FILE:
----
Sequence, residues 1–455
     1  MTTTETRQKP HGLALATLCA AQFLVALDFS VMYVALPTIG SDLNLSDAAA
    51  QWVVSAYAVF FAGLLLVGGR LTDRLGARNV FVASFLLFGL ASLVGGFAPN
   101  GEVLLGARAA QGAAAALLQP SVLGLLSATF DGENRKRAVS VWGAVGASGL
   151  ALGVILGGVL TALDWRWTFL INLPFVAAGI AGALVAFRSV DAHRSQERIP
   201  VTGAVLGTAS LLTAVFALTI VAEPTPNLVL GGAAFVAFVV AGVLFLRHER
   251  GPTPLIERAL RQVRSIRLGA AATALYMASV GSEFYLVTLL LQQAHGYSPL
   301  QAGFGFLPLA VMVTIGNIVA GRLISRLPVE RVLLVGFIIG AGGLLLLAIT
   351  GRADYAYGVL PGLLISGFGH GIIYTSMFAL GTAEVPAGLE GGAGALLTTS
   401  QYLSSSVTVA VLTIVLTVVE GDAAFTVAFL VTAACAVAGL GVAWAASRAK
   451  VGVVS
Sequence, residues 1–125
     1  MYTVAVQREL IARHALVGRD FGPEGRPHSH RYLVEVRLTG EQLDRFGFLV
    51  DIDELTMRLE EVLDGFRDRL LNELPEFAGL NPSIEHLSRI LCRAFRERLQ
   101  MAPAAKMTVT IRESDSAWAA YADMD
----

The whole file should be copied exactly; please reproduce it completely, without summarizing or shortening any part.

Sequence, residues 1–455
     1  MTTTETRQKP HGLALATLCA AQFLVALDFS VMYVALPTIG SDLNLSDAAA
    51  QWVVSAYAVF FAGLLLVGGR LTDRLGARNV FVASFLLFGL ASLVGGFAPN
   101  GEVLLGARAA QGAAAALLQP SVLGLLSATF DGENRKRAVS VWGAVGASGL
   151  ALGVILGGVL TALDWRWTFL INLPFVAAGI AGALVAFRSV DAHRSQERIP
   201  VTGAVLGTAS LLTAVFALTI VAEPTPNLVL GGAAFVAFVV AGVLFLRHER
   251  GPTPLIERAL RQVRSIRLGA AATALYMASV GSEFYLVTLL LQQAHGYSPL
   301  QAGFGFLPLA VMVTIGNIVA GRLISRLPVE RVLLVGFIIG AGGLLLLAIT
   351  GRADYAYGVL PGLLISGFGH GIIYTSMFAL GTAEVPAGLE GGAGALLTTS
   401  QYLSSSVTVA VLTIVLTVVE GDAAFTVAFL VTAACAVAGL GVAWAASRAK
   451  VGVVS
Sequence, residues 1–125
     1  MYTVAVQREL IARHALVGRD FGPEGRPHSH RYLVEVRLTG EQLDRFGFLV
    51  DIDELTMRLE EVLDGFRDRL LNELPEFAGL NPSIEHLSRI LCRAFRERLQ
   101  MAPAAKMTVT IRESDSAWAA YADMD